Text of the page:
Unity doesn't seem so bad now that the mouse works, however the time when the mouse didn't work sent me eventually to Bodhi Linux, and I prefer Enlightenment to Old GNOME, haven't really worked with New GNOME or Unity enough to learn them. So for all you Unity haters out there, why not give Bodhi Linux or Xubuntu a shot?

Mark Johnson
Mark Johnson

You're obviously having better luck than I am with desktop search. The default seems to be a front end to 'find' which is much too slow, and all of the desktop indexing packages I have tried both work and integrate. Lack of a reliable, integrated desktop search is the one thing that stops me evangelising Linux to my non-IT friends.

Odipides
Odipides

Been using Ubuntu for years - loved it to bits till they nerfed the interface. However, the latter (unilateral change) made me jump ship to Linux Mint and I'm thoroughly impressed; wish I'd started using it ages ago - great implementation, very stable (unlike Ubuntu 11.10)

sanyiidh
sanyiidh

For the last 15 day i have been using Ubuntu 12.04 daily builds and i am happy with it. I can even boot into an old 512MB Acer lap to get a happily working machine. I see no problem in unity, apart from our difficulty to change our old way.

d graham
d graham

delete the previous post!

Gerry_z
Gerry_z

I've been using Kubuntu for almost 6 years. I don't see anything in Unity to make me switch from KDE

paulfx1
paulfx1

I was chatting with a guy on IRC last night that updated his system and could no longer start X Window. I told him all he could do was keep on updating it and hope they fixed whatever they'd broken.

water-man
water-man

When first using Unity in 11.04 I had my doubts and after some days I went back to the old ways. Not my wife! I gave here Unity and she just started using it, no comment, no complaint. Upon her request I found out how to add quicklists to the launcher and once she got the taste for that I had to add a dozen or so: Open Gmail directly, launch Chrome in incognito mode, go directly to her pictures folder, all in one click. I even mixed native and Wine applications in one quicklist and she cannot tell the difference. When 11.10 came I also moved completely to Unity. I got my own set of very effective quicklists, I'm getting the hang of using the dash and it's search capabilities and I became very efficient launching apps without taking my fingers from the keyboard. However: creating these quicklists and making sure the right icons are shown in the launcher is a burden. I sure hope MyUnity will take that away. If that's true I can easily forget Gnome.

Dave.A.Townsend
Dave.A.Townsend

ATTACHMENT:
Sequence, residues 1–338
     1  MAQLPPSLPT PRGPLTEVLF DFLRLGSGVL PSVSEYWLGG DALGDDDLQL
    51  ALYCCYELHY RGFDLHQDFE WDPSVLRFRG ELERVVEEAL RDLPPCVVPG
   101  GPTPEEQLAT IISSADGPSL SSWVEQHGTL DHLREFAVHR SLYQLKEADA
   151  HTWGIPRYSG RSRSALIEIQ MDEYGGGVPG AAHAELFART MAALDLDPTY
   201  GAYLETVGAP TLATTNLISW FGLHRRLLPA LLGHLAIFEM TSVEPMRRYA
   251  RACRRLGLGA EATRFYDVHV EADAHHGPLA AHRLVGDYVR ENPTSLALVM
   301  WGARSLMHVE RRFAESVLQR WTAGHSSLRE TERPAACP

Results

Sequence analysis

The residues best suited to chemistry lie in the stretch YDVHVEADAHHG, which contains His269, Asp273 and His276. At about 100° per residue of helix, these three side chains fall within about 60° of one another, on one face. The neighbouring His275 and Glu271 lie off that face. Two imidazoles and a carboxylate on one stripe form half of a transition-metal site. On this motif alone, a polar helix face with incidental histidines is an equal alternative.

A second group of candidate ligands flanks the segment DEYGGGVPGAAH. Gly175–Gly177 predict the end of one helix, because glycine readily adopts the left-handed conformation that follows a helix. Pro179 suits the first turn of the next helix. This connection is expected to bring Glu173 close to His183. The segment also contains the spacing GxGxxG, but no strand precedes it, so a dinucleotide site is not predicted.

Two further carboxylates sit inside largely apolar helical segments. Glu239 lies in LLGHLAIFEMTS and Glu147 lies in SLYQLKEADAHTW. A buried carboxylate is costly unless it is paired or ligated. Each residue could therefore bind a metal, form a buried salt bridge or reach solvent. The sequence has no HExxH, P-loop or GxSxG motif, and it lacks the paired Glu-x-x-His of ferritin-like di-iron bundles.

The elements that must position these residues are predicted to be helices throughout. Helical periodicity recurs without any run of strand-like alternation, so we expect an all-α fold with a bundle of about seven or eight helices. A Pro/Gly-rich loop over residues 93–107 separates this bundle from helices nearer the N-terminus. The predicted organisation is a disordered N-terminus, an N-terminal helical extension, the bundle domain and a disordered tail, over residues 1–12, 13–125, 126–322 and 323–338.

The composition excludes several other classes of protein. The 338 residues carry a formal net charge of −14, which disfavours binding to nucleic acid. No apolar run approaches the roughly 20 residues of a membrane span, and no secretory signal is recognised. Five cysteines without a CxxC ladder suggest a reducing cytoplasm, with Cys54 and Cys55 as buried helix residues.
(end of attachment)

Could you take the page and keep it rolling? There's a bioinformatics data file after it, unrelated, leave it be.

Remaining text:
I will wait at least a couple of months after the release before I try it. Unfortunately, from past experience the initial ubuntu releases like 11.04 was full of glitches and bugs in the initial release.

wolsonjr
wolsonjr

So if Apple and Windows are doing it, it must be right. Huh?!

NETech4u
NETech4u

Why bash Unity even in your Poll questions. Even if a few don't like it and may be lose some functionality, Canonical are on the right track. Look at the new Apple OS X Mountain Lion and Windows 8. The trend is cloud services and all major players are trying to unify the user experience accross devices, and this is what Unity is about. Get over it and appreciate the forward thinking Canonical is showing.

kgassmann
kgassmann

The poll asking if you will try it, i said yes and not to my surprise, most people did. I wonder, is this poll asked of just unix users? if so, i'm not sure how valuable it is. I would be interested in seeing a poll of general users.

paulfx1
paulfx1

But what could happen is you could learn enough about Linux so you can accomplish what you wish for yourself. I'd respect that a lot more than you begging others to do for you what you can do for yourself. So until you've developed skills with real software tools you'll just have to amuse yourself with what toys are handed to you. I'm sorry but this is how it is. One avenue that could potentially net you what you desire is perhaps this: http://www.debian.org/doc/manuals/debian-faq/ch-pkgtools.en.html Ubuntu does use the Debian package management system. It is quite rich and flexible. I suggest you try to gain a working understanding of it. Once mastered fine grained control may be achieved over configurations. I wish you good luck.

paulfx1
paulfx1

I slake my thirst from the wellspring, Debian. OK maybe not directly from it, but it is what I start with to brew my special brand of hootch. Right now I'm running the Trinity Desktop on Squeeze. Elite!